Pratap Chandra Sarangi was the leader of the Bajrang Dal, a hardliner Hindu right-wing group, when a Hindu mob brutally killed Australian Christian missionary Graham Staines and his two children in 1999 in the state of Orissa (now Odisha), India.
Christian community leaders accused the Bajrang Dal of the killings, but an official inquiry found no evidence that any one group was behind the attack.
After a lengthy trial, Dara Singh, a man with links to the group, and 12 others were convicted in 2003. But the high court in Orissa commuted a death sentence for Singh two years later.
It also freed 11 others who were given life terms in prison, saying there was not enough evidence to support their convictions.
Mr Sarangi has given several interviews, in which he spoke passionately against what he called the “evil designs” of Christian missionaries who are “bent on converting the whole of India”.
He was also arrested on charges of rioting, arson, assault and damaging government property after a 2002 attack on the Orissa state assembly by Hindu right-wing groups, including the Bajrang Dal.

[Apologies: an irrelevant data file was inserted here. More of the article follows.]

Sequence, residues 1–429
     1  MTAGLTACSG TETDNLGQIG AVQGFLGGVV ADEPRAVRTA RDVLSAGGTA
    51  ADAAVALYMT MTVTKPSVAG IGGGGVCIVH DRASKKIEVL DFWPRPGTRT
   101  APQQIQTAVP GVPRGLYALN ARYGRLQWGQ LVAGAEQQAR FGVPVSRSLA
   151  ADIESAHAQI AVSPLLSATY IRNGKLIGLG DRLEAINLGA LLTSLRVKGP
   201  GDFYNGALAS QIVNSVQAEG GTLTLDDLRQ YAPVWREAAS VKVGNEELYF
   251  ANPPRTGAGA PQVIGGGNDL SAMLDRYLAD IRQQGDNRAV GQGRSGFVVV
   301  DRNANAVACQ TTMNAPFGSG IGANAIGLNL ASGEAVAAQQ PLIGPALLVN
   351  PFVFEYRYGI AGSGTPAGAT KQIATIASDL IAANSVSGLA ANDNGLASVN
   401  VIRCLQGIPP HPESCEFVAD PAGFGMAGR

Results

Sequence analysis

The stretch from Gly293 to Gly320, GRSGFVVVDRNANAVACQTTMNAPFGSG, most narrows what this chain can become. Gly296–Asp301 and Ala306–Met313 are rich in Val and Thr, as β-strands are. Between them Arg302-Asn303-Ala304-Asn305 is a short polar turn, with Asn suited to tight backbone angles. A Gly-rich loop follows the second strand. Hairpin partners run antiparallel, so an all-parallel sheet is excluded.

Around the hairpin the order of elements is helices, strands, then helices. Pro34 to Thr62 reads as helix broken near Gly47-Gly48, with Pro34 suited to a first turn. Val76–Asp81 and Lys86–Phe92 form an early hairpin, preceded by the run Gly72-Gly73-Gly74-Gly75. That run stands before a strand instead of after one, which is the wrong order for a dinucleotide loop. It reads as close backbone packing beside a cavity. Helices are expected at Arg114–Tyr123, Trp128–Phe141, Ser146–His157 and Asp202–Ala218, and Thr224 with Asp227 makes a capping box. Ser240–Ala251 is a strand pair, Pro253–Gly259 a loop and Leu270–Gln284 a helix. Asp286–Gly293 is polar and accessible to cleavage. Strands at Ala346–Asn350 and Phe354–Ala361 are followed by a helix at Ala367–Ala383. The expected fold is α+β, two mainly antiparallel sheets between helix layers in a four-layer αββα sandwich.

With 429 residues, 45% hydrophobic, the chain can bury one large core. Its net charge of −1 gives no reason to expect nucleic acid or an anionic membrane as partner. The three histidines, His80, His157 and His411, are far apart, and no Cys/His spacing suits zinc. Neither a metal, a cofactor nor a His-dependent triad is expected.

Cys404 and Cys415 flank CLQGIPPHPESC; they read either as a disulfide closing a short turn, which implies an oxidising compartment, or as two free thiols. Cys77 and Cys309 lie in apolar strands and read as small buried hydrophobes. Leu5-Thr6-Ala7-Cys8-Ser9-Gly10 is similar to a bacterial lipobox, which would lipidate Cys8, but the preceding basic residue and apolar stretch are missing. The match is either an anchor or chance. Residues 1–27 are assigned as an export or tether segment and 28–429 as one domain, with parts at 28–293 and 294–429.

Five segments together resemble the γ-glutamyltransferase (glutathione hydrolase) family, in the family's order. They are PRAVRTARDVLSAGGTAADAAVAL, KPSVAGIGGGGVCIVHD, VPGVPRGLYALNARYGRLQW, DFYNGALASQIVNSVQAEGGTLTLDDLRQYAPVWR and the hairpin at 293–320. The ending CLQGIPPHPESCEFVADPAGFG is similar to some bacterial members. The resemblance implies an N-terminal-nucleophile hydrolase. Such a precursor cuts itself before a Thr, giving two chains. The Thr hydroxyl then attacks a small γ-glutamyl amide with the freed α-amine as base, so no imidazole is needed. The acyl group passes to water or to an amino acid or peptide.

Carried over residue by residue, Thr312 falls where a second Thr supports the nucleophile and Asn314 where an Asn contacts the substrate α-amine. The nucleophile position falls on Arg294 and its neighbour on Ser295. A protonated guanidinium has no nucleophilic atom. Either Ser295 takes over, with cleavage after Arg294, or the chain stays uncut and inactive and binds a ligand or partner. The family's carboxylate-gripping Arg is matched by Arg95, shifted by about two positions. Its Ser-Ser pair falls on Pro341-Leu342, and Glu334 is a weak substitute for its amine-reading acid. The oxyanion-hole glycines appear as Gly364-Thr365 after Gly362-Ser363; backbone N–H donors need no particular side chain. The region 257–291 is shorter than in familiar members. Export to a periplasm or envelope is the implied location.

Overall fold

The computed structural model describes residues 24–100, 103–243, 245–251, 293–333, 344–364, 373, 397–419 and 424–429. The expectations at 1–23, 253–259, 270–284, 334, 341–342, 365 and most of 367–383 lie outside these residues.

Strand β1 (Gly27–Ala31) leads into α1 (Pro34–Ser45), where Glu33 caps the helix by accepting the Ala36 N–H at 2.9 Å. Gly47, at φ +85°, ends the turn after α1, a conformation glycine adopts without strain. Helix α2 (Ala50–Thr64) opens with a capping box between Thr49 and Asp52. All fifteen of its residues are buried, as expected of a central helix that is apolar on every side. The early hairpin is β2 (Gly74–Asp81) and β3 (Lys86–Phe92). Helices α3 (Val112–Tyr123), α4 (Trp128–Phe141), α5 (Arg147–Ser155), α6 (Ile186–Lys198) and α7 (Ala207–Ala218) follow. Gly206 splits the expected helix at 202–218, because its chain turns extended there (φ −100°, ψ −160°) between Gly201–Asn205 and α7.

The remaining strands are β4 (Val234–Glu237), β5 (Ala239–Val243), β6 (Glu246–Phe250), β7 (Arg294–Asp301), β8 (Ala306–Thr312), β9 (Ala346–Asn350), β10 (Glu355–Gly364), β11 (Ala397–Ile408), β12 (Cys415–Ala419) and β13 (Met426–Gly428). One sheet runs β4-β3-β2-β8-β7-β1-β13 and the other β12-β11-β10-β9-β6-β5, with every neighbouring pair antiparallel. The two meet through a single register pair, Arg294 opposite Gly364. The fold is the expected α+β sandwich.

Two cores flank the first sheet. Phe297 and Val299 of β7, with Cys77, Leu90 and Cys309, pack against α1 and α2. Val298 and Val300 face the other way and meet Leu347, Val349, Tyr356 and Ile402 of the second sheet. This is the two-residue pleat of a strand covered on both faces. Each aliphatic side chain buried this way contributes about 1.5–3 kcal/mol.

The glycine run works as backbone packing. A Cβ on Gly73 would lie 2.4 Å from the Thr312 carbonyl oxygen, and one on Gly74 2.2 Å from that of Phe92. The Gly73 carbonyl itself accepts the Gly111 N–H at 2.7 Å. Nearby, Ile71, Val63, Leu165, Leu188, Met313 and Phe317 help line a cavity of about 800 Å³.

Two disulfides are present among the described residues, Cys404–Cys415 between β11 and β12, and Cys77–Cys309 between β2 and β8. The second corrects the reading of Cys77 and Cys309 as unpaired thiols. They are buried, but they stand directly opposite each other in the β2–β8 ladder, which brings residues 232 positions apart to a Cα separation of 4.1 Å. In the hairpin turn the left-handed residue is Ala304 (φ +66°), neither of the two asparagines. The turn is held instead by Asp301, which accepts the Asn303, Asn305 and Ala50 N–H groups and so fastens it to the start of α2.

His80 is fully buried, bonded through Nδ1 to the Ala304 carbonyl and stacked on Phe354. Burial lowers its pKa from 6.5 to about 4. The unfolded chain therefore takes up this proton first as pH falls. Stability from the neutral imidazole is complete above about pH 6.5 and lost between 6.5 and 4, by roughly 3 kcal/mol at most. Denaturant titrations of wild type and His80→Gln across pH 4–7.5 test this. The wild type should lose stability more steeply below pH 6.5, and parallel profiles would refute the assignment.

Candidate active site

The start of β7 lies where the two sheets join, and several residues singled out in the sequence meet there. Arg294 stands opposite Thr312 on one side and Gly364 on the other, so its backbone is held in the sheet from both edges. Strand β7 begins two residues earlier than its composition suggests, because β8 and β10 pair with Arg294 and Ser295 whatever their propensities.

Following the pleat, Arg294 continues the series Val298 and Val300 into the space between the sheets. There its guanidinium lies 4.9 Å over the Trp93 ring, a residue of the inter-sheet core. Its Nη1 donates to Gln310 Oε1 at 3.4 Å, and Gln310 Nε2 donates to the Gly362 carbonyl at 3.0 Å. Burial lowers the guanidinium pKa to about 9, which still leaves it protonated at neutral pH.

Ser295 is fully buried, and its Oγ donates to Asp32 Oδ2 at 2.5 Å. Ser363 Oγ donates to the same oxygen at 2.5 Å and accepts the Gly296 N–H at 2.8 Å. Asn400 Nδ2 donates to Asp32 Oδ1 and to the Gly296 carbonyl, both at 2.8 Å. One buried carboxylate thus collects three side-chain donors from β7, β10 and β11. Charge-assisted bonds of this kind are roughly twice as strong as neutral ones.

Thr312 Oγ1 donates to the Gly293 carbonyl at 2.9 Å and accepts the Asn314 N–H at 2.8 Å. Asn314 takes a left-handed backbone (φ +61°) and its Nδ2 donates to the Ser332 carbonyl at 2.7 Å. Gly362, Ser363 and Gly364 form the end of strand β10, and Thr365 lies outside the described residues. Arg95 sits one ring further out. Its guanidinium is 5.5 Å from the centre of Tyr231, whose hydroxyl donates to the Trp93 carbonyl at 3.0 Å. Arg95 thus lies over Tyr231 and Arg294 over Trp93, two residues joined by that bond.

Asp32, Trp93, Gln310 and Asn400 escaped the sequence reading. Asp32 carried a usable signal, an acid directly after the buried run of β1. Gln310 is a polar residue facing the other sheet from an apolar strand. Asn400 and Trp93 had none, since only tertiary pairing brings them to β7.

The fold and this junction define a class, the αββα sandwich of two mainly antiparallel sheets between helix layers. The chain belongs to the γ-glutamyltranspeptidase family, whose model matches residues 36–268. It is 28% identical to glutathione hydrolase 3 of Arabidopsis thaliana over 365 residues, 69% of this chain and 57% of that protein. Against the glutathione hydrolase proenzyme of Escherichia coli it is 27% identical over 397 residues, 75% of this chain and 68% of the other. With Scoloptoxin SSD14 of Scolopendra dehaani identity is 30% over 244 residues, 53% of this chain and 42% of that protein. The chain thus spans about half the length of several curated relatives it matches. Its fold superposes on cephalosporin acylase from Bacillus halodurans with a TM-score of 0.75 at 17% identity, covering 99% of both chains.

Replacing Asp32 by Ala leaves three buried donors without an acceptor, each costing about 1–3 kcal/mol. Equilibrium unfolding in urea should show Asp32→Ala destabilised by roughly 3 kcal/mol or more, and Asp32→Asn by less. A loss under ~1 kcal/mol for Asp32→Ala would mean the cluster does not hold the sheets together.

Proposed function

When India’s new cabinet was sworn-in on Thursday, the loudest applause was for a little-known, frail-looking man.
Pratap Sarangi was virtually unknown outside the state of Odisha (formerly Orissa), until he became a social media sensation this week.
A picture of the austerely-clad man leaving his bamboo hut to take the oath won him hearts in India, where rags to riches stories always strike a chord.
But despite his newfound popularity, Mr Sarangi has a chequered past which is a bolt on the face of secular fabric of the country and particularly minorities.